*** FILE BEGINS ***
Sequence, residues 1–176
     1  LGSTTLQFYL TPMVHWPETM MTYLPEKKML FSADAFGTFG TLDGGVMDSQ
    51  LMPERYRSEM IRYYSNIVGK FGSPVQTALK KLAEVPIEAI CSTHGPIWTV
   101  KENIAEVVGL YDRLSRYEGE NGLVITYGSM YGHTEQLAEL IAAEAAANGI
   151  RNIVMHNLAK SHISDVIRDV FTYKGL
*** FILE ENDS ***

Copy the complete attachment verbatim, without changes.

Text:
Sequence, residues 1–176
     1  LGSTTLQFYL TPMVHWPETM MTYLPEKKML FSADAFGTFG TLDGGVMDSQ
    51  LMPERYRSEM IRYYSNIVGK FGSPVQTALK KLAEVPIEAI CSTHGPIWTV
   101  KENIAEVVGL YDRLSRYEGE NGLVITYGSM YGHTEQLAEL IAAEAAANGI
   151  RNIVMHNLAK SHISDVIRDV FTYKGL